Walk on the ocean / Step on the stones / Flesh becomes water / Wood becomes bone...
Toad the Wet Sprocket frontman, Glen Phillips wrote the iconic 1991 song when he and his wife were on holiday in Washington's San Juan Islands after hanging "out at Doe Bay Hot Springs with a bunch of hippies." The lyrics were originally written as placeholders, but he could not come up with anything better. "I wrote down literally the first thing that came across my mind. The lyric and the chorus, I have no idea what it means, unfortunately. Then I tried rewriting it and nothing ever really worked. I tried to make the chorus mean something, and eventually said, 'Well, it sounds like I know what I'm talking about.' So, we just left it as is. It was the least-conscious, least-crafted lyric".
Yet, this Nirvana-style song writing, “where the song might not make much sense, but it makes you feel something”, has tugged on the heart strings of millions of people for 3 decades. Some feels this is a song about vagabonding and the search for something better. Others sense a reminiscence of a fleeting moment not fully appreciated at the time.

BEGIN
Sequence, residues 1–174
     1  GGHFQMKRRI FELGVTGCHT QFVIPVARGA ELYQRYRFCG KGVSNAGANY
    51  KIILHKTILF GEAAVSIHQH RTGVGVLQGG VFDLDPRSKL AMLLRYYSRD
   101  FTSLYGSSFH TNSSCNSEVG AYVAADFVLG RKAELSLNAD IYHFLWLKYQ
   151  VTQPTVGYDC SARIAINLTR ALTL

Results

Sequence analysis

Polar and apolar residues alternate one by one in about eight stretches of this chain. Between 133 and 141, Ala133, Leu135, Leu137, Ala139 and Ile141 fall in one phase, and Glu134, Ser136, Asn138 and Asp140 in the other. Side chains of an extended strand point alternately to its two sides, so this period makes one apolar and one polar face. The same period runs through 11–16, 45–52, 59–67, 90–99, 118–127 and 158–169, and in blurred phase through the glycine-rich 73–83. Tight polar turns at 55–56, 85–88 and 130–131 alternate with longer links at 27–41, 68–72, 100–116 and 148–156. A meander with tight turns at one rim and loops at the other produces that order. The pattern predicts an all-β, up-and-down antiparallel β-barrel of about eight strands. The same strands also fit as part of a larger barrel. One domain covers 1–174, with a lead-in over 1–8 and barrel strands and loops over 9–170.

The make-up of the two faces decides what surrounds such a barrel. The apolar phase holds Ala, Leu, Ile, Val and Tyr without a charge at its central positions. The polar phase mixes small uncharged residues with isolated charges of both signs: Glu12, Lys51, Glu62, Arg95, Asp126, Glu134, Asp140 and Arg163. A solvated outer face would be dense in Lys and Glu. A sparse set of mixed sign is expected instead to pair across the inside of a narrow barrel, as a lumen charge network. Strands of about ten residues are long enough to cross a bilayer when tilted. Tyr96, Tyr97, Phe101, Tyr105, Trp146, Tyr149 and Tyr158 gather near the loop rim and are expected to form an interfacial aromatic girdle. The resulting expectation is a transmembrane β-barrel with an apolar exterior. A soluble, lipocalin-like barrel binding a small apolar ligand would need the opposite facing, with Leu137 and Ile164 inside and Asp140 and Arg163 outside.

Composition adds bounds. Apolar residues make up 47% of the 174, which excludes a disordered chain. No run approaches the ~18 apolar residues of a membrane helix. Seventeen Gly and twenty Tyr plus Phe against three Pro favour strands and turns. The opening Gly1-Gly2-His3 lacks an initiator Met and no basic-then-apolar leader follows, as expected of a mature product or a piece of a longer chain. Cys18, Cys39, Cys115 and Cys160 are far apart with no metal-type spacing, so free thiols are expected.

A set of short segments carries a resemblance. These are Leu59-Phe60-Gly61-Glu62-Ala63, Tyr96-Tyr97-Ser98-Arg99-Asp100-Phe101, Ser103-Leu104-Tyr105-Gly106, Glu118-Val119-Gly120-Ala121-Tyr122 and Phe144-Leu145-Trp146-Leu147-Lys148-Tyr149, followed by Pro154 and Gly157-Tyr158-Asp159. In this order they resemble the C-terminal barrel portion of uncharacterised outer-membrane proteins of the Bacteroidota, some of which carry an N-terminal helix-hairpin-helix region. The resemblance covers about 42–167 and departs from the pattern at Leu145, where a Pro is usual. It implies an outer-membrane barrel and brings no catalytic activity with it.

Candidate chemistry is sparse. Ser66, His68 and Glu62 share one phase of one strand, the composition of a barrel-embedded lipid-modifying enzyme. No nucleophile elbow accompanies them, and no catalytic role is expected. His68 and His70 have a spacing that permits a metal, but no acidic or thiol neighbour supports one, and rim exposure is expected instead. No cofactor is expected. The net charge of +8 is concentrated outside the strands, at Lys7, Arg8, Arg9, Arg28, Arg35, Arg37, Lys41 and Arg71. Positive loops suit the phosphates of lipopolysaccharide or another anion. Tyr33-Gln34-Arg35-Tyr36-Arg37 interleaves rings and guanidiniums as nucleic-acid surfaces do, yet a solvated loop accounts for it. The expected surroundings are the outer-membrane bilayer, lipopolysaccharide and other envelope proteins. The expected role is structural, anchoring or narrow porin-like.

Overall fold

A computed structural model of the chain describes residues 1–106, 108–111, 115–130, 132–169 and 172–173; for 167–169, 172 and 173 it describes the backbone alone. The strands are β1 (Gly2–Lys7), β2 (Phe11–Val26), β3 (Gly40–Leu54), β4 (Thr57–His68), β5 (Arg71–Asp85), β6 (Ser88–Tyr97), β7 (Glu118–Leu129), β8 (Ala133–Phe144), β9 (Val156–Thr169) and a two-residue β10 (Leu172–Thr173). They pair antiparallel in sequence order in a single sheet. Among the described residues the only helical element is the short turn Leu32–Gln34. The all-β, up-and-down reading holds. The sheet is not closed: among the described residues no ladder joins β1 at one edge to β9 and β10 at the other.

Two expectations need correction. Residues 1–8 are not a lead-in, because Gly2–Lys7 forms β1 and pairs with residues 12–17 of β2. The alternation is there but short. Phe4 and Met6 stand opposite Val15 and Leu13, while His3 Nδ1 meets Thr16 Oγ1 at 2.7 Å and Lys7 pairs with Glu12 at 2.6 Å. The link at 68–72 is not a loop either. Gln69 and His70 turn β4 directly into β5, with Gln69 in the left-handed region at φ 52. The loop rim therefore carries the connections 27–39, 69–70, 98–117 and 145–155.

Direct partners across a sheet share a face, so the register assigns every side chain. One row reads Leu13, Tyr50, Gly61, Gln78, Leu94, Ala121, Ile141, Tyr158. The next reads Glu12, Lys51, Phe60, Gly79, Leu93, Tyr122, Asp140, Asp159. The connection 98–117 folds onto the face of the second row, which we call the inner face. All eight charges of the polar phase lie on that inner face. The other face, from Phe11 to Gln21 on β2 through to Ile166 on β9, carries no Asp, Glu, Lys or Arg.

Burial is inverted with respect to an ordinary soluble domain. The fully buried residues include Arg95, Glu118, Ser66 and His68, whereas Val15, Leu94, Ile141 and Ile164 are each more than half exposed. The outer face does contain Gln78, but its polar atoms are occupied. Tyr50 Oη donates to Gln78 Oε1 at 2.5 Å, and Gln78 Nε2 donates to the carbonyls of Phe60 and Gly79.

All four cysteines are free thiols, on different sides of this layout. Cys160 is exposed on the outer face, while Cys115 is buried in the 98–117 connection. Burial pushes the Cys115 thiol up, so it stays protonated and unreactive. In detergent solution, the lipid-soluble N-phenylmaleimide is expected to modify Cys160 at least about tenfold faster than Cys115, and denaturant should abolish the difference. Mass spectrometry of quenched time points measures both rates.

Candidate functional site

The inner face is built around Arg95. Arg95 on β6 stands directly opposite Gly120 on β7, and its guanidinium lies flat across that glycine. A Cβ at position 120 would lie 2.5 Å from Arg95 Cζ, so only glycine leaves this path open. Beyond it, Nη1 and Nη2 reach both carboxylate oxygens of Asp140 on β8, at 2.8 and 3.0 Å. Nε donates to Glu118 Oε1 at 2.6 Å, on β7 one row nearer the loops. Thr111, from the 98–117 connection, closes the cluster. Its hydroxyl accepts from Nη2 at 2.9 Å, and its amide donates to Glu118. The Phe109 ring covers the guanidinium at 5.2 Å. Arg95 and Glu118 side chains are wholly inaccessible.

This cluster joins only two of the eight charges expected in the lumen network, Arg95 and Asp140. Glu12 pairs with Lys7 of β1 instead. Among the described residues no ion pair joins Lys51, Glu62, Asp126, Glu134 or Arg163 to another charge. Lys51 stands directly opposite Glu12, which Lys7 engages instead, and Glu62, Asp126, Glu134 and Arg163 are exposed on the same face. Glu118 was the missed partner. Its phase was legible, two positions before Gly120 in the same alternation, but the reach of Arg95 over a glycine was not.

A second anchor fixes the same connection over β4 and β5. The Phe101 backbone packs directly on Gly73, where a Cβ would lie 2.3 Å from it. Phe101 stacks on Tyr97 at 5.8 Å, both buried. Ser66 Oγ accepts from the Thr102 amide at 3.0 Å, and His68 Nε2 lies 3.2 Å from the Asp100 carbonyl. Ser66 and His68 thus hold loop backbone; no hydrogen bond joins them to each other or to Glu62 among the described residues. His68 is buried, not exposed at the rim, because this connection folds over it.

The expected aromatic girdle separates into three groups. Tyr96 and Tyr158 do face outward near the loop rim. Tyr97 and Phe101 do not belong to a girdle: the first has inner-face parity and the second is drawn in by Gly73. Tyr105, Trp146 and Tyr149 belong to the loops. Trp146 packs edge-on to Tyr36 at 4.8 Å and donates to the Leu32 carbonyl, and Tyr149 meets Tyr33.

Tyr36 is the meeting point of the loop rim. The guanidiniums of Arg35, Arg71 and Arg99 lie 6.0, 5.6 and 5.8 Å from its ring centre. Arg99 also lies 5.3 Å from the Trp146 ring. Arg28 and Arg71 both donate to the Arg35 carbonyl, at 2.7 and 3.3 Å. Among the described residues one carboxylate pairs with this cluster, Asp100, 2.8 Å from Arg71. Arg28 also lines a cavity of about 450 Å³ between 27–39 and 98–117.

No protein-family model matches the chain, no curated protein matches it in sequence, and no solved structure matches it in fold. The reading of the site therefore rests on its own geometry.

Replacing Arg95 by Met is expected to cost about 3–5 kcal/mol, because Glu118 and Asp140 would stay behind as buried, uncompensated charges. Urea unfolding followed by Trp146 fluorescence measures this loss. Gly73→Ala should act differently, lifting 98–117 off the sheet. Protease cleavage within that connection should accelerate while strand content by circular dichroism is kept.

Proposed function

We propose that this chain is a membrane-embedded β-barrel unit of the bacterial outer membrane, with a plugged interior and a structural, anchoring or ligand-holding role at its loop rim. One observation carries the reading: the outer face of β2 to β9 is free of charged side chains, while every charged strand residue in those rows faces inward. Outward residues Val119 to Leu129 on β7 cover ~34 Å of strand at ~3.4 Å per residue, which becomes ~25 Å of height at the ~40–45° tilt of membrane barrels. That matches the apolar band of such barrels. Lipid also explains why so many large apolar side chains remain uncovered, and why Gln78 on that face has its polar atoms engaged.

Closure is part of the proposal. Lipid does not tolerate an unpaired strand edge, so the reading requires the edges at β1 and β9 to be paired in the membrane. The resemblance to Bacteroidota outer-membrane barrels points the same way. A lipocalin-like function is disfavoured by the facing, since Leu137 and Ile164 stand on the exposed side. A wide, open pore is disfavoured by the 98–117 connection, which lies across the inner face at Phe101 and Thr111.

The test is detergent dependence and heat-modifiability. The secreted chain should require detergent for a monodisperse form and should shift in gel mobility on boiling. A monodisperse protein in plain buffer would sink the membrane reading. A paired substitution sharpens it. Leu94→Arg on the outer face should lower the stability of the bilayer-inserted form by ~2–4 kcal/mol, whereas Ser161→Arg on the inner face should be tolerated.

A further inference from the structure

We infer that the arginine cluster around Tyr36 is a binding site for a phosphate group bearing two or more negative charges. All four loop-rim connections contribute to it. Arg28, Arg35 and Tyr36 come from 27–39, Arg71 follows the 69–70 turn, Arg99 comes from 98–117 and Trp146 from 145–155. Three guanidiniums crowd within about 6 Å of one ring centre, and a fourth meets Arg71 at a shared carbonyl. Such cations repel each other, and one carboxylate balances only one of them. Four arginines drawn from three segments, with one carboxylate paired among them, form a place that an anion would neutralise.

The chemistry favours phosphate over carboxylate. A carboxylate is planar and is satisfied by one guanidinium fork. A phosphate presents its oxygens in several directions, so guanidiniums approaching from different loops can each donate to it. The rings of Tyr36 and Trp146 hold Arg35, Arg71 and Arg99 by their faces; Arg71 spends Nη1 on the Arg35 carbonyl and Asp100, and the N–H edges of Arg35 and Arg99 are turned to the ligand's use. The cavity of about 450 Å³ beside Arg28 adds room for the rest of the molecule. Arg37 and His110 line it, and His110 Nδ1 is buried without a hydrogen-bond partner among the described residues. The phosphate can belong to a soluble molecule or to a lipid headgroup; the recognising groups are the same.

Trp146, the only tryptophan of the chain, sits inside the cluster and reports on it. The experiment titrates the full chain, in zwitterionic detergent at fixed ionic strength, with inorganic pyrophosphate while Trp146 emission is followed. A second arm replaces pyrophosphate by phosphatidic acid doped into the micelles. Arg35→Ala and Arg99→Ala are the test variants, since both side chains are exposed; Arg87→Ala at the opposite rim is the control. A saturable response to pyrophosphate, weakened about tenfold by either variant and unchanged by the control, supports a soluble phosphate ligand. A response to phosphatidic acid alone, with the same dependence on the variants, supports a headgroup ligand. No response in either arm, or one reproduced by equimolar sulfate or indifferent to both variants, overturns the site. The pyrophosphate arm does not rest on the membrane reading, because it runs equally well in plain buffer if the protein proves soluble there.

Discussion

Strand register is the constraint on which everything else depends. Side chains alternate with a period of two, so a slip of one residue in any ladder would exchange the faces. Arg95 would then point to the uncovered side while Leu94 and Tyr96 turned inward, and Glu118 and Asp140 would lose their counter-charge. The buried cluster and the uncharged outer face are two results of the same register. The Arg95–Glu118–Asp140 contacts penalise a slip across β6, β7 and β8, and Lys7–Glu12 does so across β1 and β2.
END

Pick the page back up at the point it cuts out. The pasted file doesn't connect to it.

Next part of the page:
Me? The song certainly makes me feel something. I hear a subtle meditation on the impermanence of our daily lives and a search for meaning. It does not make me feel sad. It makes me feel inspired and adventurous. It makes me courageous.
And that’s the reason “Walk on the Ocean” is the unofficial theme song for my life. This one life that I choose to live with courage and curiosity. Because everything’s not safe, but not doing anything, or worse, doing the wrong thing because you’re afraid, is worse. Everything’s better, however, when you learn to harness an energy to remain poised when vulnerable in the continuously more erratic world. Courage is not the absence of fear, but the ability to respond in the presence of fear. Courage enables engagement in unpredictable and unknown contexts.
Courage is unbelievably freeing. In combination with the skill of Openness: you won’t believe how alive and thankful it makes you feel. In business, these meta-skills translate into a catalyst for true innovation. I don’t think anyone can call Elon a close-minded coward.
“Today is a gift. That’s why we call it ‘the present’.” – Eleanor Roosevelt (Or Bill Keane and Master Oogway in Kung Fu Panda and several other authors). So, go on, join that ocean-swimming book club. Take that trip to the Namib. Test out that new product idea. Carpe Diem, Buttercup.
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